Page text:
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Island Biking

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Have you ever seen that mountain that seems to sit inside the Great Salt Lake? Ever wondered what it is? Antelope Island, a sagebrush and bison-covered chunk of 42 square miles plopped in the middle of Utah’s biggest lake. Conveniently, it’s only two hours north of the U and a great place to explore different terrain on your mountain bike.

Each of the trails have varying levels of difficulty.  Split Rock Loop (five miles) and White Rock Loop (6.4 miles) are both on the western end of the island near the bison corral.  The popular Split Rock Loop descends very quickly towards Split Rock near the west shore. Once there, continue on the trail up the mountain to the historical horse corral. White Rook Loop is a nice warm-up that will get the blood flowing in your legs. You will definitely want to do this ride first on the island. If you continue south on the island, do the Elephant Head Spur or Split Rock Loop. On the east side of the island is the Mountain View Trail — an 11.8 mile one-way trail which goes along the edge of the shore from north to south, all the while featuring a backdrop of the Wasatch Front.

The trail to the highest point on Antelope Island, Frary Peak, does not allow cyclists due to the difficulty of the trail, but you can hike to the top if you desire.  The east side of the island is still in the development process of mountain biking trails.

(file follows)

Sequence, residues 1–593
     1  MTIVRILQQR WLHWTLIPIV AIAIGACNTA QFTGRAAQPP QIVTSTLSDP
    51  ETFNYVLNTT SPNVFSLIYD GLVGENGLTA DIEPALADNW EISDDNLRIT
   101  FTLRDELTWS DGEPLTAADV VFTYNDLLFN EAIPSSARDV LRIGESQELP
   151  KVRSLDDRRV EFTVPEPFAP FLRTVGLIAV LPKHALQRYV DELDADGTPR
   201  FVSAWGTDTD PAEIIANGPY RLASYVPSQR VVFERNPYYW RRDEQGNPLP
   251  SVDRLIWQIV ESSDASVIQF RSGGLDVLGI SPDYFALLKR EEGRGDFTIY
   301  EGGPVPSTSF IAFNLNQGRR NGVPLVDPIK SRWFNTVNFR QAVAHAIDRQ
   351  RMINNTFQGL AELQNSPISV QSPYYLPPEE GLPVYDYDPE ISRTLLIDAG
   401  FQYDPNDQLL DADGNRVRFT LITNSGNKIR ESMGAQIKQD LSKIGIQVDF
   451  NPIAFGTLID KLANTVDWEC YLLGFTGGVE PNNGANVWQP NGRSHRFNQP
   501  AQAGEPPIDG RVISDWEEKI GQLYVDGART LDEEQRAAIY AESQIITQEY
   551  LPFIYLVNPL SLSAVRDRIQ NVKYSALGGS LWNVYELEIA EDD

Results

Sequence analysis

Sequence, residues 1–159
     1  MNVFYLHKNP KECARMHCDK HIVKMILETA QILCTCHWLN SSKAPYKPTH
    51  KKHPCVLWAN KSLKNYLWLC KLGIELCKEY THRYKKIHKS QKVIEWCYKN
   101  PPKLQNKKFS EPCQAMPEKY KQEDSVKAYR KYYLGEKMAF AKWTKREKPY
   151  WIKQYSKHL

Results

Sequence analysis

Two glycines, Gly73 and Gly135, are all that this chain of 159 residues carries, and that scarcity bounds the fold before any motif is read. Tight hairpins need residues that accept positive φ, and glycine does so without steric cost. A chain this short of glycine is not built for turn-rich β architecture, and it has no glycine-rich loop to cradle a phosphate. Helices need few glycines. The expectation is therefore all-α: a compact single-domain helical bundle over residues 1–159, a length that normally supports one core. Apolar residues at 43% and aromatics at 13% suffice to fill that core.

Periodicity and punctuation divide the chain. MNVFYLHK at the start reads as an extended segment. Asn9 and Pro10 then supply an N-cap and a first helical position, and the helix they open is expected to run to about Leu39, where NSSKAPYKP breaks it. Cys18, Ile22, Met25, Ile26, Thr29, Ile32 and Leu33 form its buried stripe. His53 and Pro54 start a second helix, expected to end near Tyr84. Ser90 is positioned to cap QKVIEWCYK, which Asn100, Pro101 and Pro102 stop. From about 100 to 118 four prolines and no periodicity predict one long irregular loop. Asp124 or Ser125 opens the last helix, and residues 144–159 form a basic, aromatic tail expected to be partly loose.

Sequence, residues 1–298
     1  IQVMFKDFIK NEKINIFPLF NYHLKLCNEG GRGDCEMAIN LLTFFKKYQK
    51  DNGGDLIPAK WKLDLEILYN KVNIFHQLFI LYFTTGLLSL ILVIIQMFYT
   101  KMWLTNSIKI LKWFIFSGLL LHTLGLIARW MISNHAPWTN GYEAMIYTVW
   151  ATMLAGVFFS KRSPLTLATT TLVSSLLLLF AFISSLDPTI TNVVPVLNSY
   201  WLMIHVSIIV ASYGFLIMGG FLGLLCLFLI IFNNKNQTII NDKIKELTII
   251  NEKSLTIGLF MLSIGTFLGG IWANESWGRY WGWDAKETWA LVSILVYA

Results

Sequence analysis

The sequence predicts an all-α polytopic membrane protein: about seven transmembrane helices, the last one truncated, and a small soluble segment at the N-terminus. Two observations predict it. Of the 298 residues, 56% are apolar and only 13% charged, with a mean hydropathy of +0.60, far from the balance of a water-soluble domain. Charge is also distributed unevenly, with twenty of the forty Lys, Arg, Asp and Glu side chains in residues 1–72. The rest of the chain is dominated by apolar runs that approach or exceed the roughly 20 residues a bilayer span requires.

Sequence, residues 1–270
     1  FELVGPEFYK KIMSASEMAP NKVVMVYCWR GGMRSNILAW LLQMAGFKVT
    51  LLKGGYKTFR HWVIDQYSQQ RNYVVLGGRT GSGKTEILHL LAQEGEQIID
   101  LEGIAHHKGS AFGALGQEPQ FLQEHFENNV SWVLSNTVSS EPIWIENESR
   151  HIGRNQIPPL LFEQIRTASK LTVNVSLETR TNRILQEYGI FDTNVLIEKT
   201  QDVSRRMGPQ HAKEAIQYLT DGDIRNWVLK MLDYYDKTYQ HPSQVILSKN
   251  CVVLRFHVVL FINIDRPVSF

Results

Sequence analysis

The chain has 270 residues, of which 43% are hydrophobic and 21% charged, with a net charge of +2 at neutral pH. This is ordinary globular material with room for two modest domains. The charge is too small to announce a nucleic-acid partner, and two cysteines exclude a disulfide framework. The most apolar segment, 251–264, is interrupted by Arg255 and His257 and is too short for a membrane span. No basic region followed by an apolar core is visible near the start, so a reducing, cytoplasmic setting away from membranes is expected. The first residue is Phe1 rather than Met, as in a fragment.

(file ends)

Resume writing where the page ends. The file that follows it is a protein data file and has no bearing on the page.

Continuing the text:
Because of the excess of insects, pack bug repellent and go in early spring or late fall when the insect level is decreasing.

Once you make your way to the island, bison will welcome you. William Glassman and John Dooly introduced bison to the island in the late 1800s. Today, there are nearly 700 bison that call Antelope Island home. Depending on the time you head out to ride your bike, you’ll come across these muscular, car-sized beasts grazing in the fields.

To get there, head north on I-15 and take the Antelope Island Dr. exit in Syracuse. Before crossing Farmington Bay, stop at the ranger station and pay the $10 entrance fee.  Head west along the Davis County causeway, the only road accessible to the island.

k.creveling@dailyutahchronicle.com

Last modified: February 4, 2017

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